Queens of the Stone Age - Memorial Coliseum - 10/30/2014

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So many bands strike gold with their first album or two and then coast on the brilliance of their early work. No way you can put Queens into that category. Every album QOTSA has ever produced contains moments of undiluted rock 'n' roll genius, and ...Like Clockwork stands proudly next to the band's five other albums.

The band played most of the new songs faithfully to the album version, while throwing in some kinks to older songs, "Little Sister" for example, to keep things interesting for both them and the die-hard fans in the audience. On "Smooth Sailing," Homme swapped the word "kisses" for "hickies" in the line, "I've got bruises and hickies, stitches and scars." The audience didn't care, though, and gave a raucous cheer at the end of the song. The band's seventh tune was "Someone's In the Wolf," from the oft-overlooked album Lullabies to Paralyze. It was a killer deep cut; according to, it was the first time the band played the song since 2006 2011. Homme seemed to really get into "God Is the Sun," swaying his hips in a way that makes you appreciate his "Ginger Elvis" nickname. "Make It Wit Chu," perhaps the sexiest song in QOTSA's catalog, featured Homme going absolutely crazy on the guitar solo. The final song of the set, Homme wryly remarked, "No One Knows," Homme wryly remarked, "This is a song that hopefully everybody knows." Jon Theodore, the ex-Mars Volta drummer who joined QOTSA partway through the recording process of ...Like Clockwork, dominated the drum parts Dave Grohl wrote for the song back in early years of the new millennium.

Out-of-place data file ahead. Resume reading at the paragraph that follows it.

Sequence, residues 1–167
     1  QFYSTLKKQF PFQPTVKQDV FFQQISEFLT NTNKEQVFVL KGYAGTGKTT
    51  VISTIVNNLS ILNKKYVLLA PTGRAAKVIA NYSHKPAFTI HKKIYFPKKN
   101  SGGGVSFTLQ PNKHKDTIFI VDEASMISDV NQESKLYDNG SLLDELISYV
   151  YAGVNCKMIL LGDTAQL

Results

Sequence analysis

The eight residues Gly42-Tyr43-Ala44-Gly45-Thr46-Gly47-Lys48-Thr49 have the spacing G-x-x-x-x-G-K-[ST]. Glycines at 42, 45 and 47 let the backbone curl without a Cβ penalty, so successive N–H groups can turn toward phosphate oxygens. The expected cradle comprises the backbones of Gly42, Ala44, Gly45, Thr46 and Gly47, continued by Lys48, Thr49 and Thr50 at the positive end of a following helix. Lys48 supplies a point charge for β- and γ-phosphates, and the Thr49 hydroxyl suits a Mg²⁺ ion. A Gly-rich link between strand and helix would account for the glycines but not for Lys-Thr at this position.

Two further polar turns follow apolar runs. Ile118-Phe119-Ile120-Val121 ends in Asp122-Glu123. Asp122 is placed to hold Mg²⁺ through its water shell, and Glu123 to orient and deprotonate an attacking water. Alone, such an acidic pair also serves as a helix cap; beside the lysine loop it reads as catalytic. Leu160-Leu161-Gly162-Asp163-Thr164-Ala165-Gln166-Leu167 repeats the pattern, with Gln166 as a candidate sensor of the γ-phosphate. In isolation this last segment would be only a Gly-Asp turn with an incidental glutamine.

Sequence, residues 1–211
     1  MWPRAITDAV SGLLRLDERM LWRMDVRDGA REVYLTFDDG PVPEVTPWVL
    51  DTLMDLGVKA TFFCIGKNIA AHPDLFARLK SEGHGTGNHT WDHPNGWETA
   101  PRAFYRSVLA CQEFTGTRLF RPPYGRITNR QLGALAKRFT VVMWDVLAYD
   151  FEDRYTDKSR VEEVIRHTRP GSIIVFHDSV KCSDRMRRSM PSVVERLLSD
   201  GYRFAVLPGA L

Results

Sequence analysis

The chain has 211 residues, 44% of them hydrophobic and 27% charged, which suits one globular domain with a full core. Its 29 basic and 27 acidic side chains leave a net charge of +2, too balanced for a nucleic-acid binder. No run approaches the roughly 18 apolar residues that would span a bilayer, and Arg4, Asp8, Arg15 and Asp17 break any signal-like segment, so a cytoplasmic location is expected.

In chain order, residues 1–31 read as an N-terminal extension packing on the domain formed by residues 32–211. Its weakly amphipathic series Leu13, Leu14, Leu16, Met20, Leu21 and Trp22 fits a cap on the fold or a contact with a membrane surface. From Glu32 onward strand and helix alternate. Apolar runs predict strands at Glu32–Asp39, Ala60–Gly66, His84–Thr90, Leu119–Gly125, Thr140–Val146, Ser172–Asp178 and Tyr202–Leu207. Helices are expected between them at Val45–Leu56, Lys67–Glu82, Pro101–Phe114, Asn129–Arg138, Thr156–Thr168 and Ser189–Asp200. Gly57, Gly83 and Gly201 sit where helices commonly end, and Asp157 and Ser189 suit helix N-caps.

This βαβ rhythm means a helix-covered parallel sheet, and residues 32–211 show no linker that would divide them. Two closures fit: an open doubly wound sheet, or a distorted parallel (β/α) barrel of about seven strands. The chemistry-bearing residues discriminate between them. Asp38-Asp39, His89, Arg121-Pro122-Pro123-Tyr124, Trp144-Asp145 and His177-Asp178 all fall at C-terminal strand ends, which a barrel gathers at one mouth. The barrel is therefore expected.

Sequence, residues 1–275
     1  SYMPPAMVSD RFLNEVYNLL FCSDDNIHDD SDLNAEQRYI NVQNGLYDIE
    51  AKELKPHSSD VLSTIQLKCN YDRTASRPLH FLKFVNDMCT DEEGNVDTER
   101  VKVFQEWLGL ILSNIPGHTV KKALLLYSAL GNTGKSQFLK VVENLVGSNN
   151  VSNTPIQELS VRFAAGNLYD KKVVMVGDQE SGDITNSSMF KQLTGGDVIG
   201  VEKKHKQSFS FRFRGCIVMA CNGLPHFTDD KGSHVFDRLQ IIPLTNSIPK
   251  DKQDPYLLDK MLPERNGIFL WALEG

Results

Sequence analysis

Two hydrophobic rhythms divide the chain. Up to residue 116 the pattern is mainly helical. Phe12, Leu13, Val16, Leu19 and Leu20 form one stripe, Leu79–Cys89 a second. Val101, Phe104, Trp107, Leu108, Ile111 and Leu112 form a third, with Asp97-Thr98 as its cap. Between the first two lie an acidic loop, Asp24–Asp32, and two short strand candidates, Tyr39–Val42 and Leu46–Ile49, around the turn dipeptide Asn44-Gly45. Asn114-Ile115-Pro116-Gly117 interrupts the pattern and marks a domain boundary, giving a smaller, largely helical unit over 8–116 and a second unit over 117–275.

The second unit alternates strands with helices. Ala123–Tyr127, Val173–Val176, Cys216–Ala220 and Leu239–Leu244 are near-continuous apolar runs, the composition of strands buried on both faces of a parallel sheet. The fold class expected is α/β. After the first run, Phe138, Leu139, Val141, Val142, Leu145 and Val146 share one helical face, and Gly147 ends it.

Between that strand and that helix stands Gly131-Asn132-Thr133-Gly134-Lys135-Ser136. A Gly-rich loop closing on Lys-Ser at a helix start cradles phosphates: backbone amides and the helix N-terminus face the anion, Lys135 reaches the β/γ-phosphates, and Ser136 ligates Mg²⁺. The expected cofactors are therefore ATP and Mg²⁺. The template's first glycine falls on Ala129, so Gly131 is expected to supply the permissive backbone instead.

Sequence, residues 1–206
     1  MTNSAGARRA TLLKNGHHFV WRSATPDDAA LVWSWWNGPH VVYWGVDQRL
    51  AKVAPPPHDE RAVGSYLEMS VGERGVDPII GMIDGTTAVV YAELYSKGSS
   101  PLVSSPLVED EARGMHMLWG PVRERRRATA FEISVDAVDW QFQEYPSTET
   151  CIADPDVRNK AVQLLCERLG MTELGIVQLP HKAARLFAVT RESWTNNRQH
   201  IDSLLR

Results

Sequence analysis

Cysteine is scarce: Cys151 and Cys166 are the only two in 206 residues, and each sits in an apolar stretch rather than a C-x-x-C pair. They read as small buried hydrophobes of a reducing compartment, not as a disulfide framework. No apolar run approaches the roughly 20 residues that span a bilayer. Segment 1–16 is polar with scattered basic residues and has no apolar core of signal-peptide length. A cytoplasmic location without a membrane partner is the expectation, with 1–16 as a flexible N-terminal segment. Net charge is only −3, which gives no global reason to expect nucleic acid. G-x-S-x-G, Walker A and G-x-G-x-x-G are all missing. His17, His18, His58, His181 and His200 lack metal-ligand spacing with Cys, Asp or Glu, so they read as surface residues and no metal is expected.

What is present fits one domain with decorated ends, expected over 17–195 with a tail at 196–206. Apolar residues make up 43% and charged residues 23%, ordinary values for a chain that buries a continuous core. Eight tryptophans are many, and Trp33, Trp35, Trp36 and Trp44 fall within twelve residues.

When the band retook the stage for the encore, Homme requested that the venue kill the lights and that everyone turn on the flashlights on their cell phones. The resulting glow illuminated the entire venue. "Isn't that fucking beautiful," Homme commented. "We're all good friends. Not like everyone else, who's a fair weather friend," launching the band into "Fairweather Friends," which featured a guest performance from Elton John.

Just kidding! But Sir Elton did do vocals on the album version of the song, approaching Homme about the collaboration by calling him and saying, "The only thing misssing from your band is an actual queen." The band then did "You Think I Ain't Worth a Dollar, But I Feel Like a Millionaire," which isn't the same without ex-bassist Nick Oliveri (Oliveri will perform the song at QOTSA's show in Los Angeles tonight).

"On behalf of all the tequila and the rest of the band, I'd like to say thank you so much," Homme said, before the band ended the night with "A Song for the Dead."

The sound inside the Memorial Coliseum left a lot to be desired. Josh Homme is a genius with guitar tones and production, but the nuances of his guitar work got swallowed by the cavernous confines of the coliseum. Not saying it was terrible -- a few hiccups aside, the sound guys did their job -- but a venue like Comerica Theatre or even US Airways Center would have done much better service to the band's audio.

See the next page for set list and Critic's Notebook.

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David Accomazzo is a music wrangler, award-winning reporter, critic, and editor with more than a decade in the business.
Contact: David Accomazzo